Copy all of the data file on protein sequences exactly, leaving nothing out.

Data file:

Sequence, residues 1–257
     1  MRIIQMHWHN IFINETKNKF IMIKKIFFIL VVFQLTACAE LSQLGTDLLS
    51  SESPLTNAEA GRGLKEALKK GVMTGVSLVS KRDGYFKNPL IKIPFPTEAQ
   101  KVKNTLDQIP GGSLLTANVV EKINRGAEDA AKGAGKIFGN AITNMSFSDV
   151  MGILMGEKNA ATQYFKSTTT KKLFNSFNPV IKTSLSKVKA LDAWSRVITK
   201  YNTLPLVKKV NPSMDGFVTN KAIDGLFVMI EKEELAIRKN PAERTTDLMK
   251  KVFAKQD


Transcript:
Sequence, residues 1–257
     1  MRIIQMHWHN IFINETKNKF IMIKKIFFIL VVFQLTACAE LSQLGTDLLS
    51  SESPLTNAEA GRGLKEALKK GVMTGVSLVS KRDGYFKNPL IKIPFPTEAQ
   101  KVKNTLDQIP GGSLLTANVV EKINRGAEDA AKGAGKIFGN AITNMSFSDV
   151  MGILMGEKNA ATQYFKSTTT KKLFNSFNPV IKTSLSKVKA LDAWSRVITK
   201  YNTLPLVKKV NPSMDGFVTN KAIDGLFVMI EKEELAIRKN PAERTTDLMK
   251  KVFAKQD